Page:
DOT Random Drug Testing Rates by Modality, 2019
The 6 DOT agencies can and do issue updated guidelines for random drug testing rates on an annual basis. These are the updated 2019 Specifications for each federal agency. The agencies publish the rates that companies that fall under each modality are expected to achieve each year.
DOT Random Drug Testing Rates by Modality for Calendar Year 2019
It’s important to be sure that your DOT random consortium is successfully completing tests at least as often as required by your modality. When DOT auditors come on-site to audit company drug testing records, they typically ask for something called an annual MIS report to prove that your consortium is testing at a rate that meets their minimum requirements.
Health Street’s Random Pool members often call us when an auditor is checking their records to be sure they have the updated MIS report. The auditors look at this report carefully to make sure the percentages of random drug tests and random alcohol tests are at or above the thresholds set for the relevant audit period.
Let me give you an example. Let’s say your company has 10 safety-sensitive employees (“covered employees”), and you join a random DOT drug testing pool (also known as a consortium). Let’s say that there were an average of 1000 covered employees per month in your consortium across all of the companies that enrolled for the last calendar year. You wouldn’t normally need to know how may total covered employees that there are in the pool, as long as when you are notified to get your random tests done, you send your people in and get tested.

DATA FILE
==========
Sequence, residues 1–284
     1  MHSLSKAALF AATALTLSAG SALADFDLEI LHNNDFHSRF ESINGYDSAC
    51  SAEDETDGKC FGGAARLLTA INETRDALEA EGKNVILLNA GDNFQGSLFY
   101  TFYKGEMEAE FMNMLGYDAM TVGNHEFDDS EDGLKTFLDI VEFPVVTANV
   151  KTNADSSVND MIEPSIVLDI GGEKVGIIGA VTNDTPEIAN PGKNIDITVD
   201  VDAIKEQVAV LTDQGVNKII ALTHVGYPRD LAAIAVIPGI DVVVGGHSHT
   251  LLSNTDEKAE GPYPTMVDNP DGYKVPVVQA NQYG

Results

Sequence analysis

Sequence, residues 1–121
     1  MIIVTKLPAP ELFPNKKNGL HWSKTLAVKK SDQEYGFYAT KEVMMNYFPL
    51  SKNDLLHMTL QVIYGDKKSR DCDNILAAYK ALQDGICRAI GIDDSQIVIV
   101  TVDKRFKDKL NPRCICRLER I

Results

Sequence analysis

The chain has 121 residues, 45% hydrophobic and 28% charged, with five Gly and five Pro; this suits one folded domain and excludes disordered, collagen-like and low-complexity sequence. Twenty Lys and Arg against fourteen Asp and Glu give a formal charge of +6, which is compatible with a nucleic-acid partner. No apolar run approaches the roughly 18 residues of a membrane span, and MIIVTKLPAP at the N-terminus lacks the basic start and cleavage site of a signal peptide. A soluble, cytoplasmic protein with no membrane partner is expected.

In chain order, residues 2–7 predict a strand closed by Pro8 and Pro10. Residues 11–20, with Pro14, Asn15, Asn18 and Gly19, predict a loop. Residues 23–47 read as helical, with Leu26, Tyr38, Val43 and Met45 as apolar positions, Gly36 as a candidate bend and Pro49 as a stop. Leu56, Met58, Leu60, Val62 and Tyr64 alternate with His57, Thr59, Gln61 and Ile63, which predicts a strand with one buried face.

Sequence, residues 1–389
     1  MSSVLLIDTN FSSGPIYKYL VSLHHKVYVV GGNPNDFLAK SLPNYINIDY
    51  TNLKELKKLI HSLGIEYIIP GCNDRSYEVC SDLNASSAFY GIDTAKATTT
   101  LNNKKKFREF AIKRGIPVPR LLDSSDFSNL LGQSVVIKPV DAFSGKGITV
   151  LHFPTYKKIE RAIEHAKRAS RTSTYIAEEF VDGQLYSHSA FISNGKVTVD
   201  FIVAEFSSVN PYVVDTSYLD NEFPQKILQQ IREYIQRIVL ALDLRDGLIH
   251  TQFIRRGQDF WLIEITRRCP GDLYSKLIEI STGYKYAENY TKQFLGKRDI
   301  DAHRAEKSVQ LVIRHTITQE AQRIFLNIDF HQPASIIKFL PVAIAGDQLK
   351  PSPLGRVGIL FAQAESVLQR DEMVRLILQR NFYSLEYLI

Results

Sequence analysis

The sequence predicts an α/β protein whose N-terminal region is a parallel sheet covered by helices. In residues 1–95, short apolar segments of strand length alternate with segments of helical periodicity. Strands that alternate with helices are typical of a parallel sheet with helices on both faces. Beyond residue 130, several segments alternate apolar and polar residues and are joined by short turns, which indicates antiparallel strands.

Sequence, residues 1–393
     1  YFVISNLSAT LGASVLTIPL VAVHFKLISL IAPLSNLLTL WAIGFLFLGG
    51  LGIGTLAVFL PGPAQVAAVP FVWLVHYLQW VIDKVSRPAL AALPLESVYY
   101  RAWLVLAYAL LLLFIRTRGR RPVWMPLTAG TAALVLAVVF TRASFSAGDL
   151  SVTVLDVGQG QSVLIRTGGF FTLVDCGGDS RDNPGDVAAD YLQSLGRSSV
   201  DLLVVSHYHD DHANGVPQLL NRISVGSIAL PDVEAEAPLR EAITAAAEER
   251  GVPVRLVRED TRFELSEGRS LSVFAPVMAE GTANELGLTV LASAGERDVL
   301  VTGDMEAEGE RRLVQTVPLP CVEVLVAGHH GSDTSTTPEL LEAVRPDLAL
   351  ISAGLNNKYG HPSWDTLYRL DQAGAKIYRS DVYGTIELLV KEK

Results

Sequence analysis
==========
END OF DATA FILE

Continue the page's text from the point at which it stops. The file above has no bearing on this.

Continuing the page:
However, the DOT auditor will absolutely want to know this number. He or she will then reference the percentage required to test for the relevant calendar year. Let’s say your company is covered by FMCSA (trucking), which had a rate of 25% drug and 10% alcohol in 2018. The auditor would then look to see that at least 250 random drug tests and 100 random alcohol tests were completed in 2018 and shown on the MIS report. If your company was covered by PHMSA (pipelines and hazardous materials), those numbers would be 500 random drug tests, but zero random alcohol tests.
As you can see, while it’s not that difficult to calculate how to stay in compliance with DOT regulations, it’s extremely important that the consortium that you belong to is on top of it. If you have any questions regarding your company’s ability to comply with these regulations, including DOT audits, Health Street is happy to help.